Whether you want your porch to make a traditional or modern design statement, it’s important to consider the details.
“Style can vary considerably, from large structures with sunken trusses and hand carved detail, to simple frames with brick roofs to extend the original style of your house,” says James from Oakmasters. “Wide beams can be used to complement larger properties, while small intricate structures can add character to smaller houses and cottages.”
(MORE: 10 Beautiful Porch Ideas)
What Type of Oak is Used to Build an Oak Frame Porch?
Most UK suppliers use green oak to build their porches. Robust, durable and packed with character, recently-felled oak has a higher moisture content than kiln- or air-dried oak and it is therefore easier for manufacturers to cut and shape with precision.
Always double check that the oak used for your porch kit comes from a sustainable, FSC-certified source.
What is the Lead Time for an Oak Frame Porch?
Whether you choose an off-the-shelf design or something bespoke, you will need to allow time in your schedule for the oak elements to be crafted in your supplier’s workshop.
Typically, this period is around eight weeks, though the length of time will vary depending on the supplier and the complexity of your design.
“Everything is made by hand, in the same way we make our houses, using the same high standard of oak so quality is maintained,” says Merry Albright, creative director at Border Oak.
Opting for an off-the-shelf design is likely to shave off a few weeks while the oak elements are fabricated, but if you go down the bespoke route, you’ll need to allow extra time to cover design work and engineering time.
During this time, your contractor can get to work preparing the foundations and building any plinth walls so that everything on site is ready to go once the oak frame kit is delivered.
What Materials Can be Used for the Roof?
One way to ensure your new porch blends with the existing property is to match the roof tiles on the porch to those already on the roof of the house.
If you’re looking to match the exquisite, hand-crafted aesthetic of the oak frame porch, premium products such as handmade clay tiles or slates might create the right aesthetic.
If you’re working to a tighter budget, interlocking concrete tiles offer an alternative solution.
(MORE: Roof Covering Ideas)
Bringing Light into Your Oak Frame Porch
A porch with glazed or open sides ensures natural light can be channelled into your home’s reception area.
If you’re concerned the porch roof might block out the sunlight, another solution could be to replace your front door for a partially-glazed model. Incorporating side lights to the side of the front door is another way to make sure rays of sun filter into the house.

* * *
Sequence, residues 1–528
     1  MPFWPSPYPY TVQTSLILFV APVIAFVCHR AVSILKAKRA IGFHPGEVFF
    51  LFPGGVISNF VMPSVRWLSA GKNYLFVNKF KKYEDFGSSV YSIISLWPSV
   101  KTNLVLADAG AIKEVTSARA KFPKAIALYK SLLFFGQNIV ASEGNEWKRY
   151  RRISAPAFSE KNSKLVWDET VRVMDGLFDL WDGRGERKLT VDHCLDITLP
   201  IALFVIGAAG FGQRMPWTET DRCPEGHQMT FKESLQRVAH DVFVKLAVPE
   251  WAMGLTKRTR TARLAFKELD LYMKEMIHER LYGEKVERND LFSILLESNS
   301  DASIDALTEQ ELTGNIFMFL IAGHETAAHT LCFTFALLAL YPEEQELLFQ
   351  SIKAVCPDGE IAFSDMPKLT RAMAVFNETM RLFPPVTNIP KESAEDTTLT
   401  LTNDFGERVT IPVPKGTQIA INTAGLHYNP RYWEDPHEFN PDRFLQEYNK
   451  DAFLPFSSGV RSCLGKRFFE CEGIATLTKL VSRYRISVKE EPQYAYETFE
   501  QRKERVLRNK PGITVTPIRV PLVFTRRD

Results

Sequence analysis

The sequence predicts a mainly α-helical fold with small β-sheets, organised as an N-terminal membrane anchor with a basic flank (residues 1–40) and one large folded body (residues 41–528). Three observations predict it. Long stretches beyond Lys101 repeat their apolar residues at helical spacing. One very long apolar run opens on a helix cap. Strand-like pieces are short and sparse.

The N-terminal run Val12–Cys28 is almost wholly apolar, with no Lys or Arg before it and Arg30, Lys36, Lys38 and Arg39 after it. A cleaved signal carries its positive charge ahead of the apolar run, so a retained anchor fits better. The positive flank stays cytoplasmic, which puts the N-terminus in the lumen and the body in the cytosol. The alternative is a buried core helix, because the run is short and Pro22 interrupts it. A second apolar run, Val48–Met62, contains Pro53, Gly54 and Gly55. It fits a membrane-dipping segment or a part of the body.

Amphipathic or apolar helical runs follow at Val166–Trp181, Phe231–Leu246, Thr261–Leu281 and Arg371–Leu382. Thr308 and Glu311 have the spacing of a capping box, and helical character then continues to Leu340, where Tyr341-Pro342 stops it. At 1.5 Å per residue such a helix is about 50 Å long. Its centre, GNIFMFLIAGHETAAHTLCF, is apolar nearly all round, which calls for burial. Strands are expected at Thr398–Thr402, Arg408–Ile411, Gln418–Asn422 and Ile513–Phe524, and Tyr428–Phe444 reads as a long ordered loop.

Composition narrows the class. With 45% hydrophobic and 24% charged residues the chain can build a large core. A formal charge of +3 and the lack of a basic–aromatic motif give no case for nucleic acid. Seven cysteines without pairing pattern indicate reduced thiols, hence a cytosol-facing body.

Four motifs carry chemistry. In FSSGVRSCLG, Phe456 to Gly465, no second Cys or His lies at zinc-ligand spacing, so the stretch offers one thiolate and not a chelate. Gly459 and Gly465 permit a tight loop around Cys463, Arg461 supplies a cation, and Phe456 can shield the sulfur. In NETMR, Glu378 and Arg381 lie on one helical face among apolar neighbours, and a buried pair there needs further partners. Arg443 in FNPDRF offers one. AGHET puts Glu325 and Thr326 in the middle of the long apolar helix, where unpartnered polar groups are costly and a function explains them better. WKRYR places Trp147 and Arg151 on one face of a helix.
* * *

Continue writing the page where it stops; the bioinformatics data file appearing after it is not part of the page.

It’s wise to incorporate a motion sensor light in your new porch or some outdoor wall lights. That way, you don’t have to spend time searching for an outdoor switch as you rummage in your bag for keys.
The light could be fitted within the porch, or matching lamps could be fitted on brackets to the exterior walls of the house.
(MORE: 15 Great Glazing Ideas)
Can I Build an Oak Frame Porch Myself?
Erecting an oak frame kit porch is well within the capability of a competent DIYer.
However, if you don’t have much faith in your handywork, assembling the kit should be a straightforward job for a local builder or carpenter.
Bear in mind, some of the components are quite heavy, so at least two people may be required to lift them into place.
“Our porches are designed and made as kits, supplied ready for the local contractor to install,” says James from Oakmasters. “The assembly of the porch is a fairly simple procedure, since the components are produced with all the joints pre-cut and marked for easy assembly. We supply the complete oak porch frame, including oak pegs for self-assembly.”
How is an Oak Frame Porch Connected?
The method of ‘fixing’ depends on what material you are tying the porch to.
Tying the porch to the house does tend to be one of the more fiddly parts of the construction process, but as most oak porches support their own weight, the connection tends to be more cosmetic than structural.
“It may only need cosmetic tying in – around the roof area, primarily,” says Merry.
Adequate flashing should always be installed where the porch roof meets the exterior face of the building to ensure the join is waterproof.
How to Look After an Oak Frame Porch
Whether or not to treat the oak comes down to personal preference. Left open to the elements, oak will naturally weather to a silvery hue with no maintenance required.
If you want to retain the freshly-sawn honey-colour of the wood, an anti-UV oil is required. The wood would then need to be re-treated every year or so to maintain the same shade.
How do I clean an oak frame porch?
The frame doesn’t need to be cleaned, however, if any water stains form on the surface of the wood these can be removed with oxalic acid once the porch is erected.
Can I Use Other Woods to Create a Porch?
While some suppliers offer softwood alternatives (eg air or kiln-dried pine or Douglas fir) to oak frame porches, oak tends to be the preferred material for timber frame porches due to its long-lasting, robust nature.
Plus, the labour required to craft each porch is still the same, so the final cost for a softwood design may not end up being that much cheaper.
How Long will an Oak Frame Porch Last?
As a premium building material, oak is prized for its incredibly robust nature. A well-made oak porch should therefore offer a service life of a couple of hundred years – or more.